Outside City Hall, Chase and his team, mostly men but including a few women, started shuffling their way down Congress Street, some of them blowing whistles and horns. One man wore a devil's mask, with horns atop his head, and a judge's robe; another man in a judge's robe looked even scarier, with a mask of blue eyeballs, no nose, missing teeth, a misshapen skull and several well-placed boils. Other men, including Chase, were dressed in sunglasses and white decontamination suits that had purple hand prints (a Fathers 4 Justice symbol) smeared on them. Something about the mix of white and the flowing robes lent the men a vaguely Klannish aesthetic. As they whistled and bellowed their way down the street, they seemed to have lost sight of Ned Holstein's exhortation to try humor, not anger. A mother with her child approaching them on the street crossed over to the other side.
After a half-hour or so of chanting and marching, the group arrived at the main family-court building in Boston. At the plaza of the courthouse, one protester started beating a drum. A compact man with a neatly trimmed beard, a green tie and a houndstooth cap left the courthouse and passed the protesters. ''It could happen to you!'' the protesters chanted.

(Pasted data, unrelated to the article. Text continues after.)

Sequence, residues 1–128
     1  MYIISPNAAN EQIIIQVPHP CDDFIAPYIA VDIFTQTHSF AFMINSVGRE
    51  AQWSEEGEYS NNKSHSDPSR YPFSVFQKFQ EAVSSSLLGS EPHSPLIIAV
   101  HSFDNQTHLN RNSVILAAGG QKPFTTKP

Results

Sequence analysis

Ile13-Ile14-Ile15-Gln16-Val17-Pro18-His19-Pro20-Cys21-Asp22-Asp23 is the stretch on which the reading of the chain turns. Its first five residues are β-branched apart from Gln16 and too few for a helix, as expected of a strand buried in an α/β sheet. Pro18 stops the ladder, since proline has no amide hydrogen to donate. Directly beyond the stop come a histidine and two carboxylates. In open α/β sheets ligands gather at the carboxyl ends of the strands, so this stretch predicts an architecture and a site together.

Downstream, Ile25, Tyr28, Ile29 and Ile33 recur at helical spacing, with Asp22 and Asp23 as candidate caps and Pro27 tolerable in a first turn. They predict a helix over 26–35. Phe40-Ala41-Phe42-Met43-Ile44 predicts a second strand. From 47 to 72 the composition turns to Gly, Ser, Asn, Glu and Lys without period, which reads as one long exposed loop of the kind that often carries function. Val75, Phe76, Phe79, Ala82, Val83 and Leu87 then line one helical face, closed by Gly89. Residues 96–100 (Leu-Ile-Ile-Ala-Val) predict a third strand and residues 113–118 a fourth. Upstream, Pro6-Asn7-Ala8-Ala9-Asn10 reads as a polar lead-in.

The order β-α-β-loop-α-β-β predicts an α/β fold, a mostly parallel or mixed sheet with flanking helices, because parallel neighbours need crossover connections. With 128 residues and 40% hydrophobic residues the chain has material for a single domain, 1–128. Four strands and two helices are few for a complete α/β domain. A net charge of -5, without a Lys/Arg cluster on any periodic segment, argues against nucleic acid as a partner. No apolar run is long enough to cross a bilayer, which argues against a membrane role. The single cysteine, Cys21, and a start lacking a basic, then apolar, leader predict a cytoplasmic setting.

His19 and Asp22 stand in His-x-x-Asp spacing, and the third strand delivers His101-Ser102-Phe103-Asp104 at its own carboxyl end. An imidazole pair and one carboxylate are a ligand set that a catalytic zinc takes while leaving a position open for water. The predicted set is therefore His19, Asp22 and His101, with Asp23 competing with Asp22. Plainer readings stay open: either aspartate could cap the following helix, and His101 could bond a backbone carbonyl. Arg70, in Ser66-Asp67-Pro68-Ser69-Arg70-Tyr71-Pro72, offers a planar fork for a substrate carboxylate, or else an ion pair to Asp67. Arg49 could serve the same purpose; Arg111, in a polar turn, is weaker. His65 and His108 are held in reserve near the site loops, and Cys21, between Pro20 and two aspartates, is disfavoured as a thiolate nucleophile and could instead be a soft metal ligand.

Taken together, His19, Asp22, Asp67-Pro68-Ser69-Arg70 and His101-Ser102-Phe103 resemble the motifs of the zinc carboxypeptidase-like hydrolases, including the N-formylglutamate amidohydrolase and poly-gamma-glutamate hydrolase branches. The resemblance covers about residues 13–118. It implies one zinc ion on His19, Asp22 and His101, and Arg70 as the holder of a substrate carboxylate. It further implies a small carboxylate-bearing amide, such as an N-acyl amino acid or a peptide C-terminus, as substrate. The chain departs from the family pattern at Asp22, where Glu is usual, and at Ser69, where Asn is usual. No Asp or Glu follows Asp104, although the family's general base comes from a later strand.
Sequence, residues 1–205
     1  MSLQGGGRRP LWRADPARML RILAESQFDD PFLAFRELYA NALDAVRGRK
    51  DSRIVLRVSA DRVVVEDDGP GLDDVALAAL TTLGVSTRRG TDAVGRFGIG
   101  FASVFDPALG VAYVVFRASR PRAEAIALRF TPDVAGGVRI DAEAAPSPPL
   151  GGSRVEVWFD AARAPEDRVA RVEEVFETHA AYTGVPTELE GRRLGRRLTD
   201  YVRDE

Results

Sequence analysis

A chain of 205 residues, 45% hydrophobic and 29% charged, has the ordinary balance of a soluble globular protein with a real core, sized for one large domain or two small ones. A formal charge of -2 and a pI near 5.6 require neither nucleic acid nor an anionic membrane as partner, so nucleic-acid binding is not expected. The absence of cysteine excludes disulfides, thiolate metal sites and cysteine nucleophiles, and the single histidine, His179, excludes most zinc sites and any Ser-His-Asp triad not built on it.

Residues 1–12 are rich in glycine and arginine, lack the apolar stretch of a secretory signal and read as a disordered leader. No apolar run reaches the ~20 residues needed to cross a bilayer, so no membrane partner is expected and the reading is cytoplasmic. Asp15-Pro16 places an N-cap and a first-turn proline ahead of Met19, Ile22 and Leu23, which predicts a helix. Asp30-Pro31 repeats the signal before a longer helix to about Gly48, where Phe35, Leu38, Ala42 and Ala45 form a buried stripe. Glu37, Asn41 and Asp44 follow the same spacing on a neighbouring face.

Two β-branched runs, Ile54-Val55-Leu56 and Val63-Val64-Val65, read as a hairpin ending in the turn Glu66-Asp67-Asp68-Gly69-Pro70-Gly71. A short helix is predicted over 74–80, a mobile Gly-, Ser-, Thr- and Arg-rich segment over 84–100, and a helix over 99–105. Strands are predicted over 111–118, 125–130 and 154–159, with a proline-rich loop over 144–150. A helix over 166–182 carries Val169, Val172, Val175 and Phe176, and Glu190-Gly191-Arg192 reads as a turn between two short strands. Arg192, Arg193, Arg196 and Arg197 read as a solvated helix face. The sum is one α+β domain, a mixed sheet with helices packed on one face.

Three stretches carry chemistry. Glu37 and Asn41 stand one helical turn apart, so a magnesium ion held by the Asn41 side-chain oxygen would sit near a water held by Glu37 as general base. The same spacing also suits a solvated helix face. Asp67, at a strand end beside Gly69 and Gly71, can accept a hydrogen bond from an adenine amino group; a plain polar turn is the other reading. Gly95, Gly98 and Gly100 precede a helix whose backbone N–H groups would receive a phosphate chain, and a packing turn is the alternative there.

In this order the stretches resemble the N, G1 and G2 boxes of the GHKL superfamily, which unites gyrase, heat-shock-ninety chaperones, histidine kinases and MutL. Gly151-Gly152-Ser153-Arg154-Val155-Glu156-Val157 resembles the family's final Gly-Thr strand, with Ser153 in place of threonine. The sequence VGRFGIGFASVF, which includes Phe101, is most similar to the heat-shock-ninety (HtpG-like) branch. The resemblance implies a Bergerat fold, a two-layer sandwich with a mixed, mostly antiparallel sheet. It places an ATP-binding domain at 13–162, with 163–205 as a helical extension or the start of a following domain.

''It did happen to me,'' the man said. ''She went nuclear on me.'' In the fathers' rights community, the real weapons of mass destruction are false allegations of abuse. Fathers' rights advocates claim it's all too easy for women to use that strategy; feminists counter that too many family-court judges dismiss women's valid concerns about domestic violence. ''Two years and three-quarters of a million dollars later,'' the man continued, ''I got full custody of my kids, and was fully exonerated. But I've been living this for two years.'' Now the man, who declined to give his name, watched as some of the protesters performed some street theater: a monster in a judge's robe tearing up a kid's photo, one of the fathers punching him to the ground, a man in a decontamination suit with a broom pushing at the heap of a human on the street. ''I don't know about this,'' he said, gesturing at the protesters' garish pantomime. ''But the system does need fixing.''